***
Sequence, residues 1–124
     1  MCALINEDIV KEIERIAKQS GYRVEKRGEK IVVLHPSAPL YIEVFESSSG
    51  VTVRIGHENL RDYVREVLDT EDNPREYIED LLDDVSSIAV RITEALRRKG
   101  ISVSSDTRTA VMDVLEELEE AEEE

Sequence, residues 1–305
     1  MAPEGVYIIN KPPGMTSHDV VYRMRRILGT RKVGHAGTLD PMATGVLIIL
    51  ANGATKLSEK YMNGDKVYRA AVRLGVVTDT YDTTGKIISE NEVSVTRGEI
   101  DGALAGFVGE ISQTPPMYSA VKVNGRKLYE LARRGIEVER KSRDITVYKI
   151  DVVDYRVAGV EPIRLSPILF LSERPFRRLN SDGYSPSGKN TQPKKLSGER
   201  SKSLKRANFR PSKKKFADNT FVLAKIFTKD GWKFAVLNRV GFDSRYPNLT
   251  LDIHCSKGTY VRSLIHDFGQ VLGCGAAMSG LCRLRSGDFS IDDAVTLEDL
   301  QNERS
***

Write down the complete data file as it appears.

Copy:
Sequence, residues 1–124
     1  MCALINEDIV KEIERIAKQS GYRVEKRGEK IVVLHPSAPL YIEVFESSSG
    51  VTVRIGHENL RDYVREVLDT EDNPREYIED LLDDVSSIAV RITEALRRKG
   101  ISVSSDTRTA VMDVLEELEE AEEE

Sequence, residues 1–305
     1  MAPEGVYIIN KPPGMTSHDV VYRMRRILGT RKVGHAGTLD PMATGVLIIL
    51  ANGATKLSEK YMNGDKVYRA AVRLGVVTDT YDTTGKIISE NEVSVTRGEI
   101  DGALAGFVGE ISQTPPMYSA VKVNGRKLYE LARRGIEVER KSRDITVYKI
   151  DVVDYRVAGV EPIRLSPILF LSERPFRRLN SDGYSPSGKN TQPKKLSGER
   201  SKSLKRANFR PSKKKFADNT FVLAKIFTKD GWKFAVLNRV GFDSRYPNLT
   251  LDIHCSKGTY VRSLIHDFGQ VLGCGAAMSG LCRLRSGDFS IDDAVTLEDL
   301  QNERS